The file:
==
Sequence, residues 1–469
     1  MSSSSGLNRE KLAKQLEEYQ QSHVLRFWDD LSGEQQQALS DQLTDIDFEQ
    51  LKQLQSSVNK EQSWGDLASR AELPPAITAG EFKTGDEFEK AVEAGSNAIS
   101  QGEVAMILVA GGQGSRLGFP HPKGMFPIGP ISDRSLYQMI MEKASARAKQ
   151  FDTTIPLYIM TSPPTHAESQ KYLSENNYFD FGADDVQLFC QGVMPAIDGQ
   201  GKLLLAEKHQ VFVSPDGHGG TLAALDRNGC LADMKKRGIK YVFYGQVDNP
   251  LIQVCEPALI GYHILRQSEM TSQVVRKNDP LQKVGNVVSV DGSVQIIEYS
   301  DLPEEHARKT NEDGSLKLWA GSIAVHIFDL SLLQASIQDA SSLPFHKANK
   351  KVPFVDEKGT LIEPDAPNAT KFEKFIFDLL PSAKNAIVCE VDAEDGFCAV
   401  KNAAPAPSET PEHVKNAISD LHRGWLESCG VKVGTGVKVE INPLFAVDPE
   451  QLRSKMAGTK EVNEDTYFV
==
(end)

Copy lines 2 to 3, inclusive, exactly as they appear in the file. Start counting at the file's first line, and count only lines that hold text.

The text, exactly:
     1  MSSSSGLNRE KLAKQLEEYQ QSHVLRFWDD LSGEQQQALS DQLTDIDFEQ
    51  LKQLQSSVNK EQSWGDLASR AELPPAITAG EFKTGDEFEK AVEAGSNAIS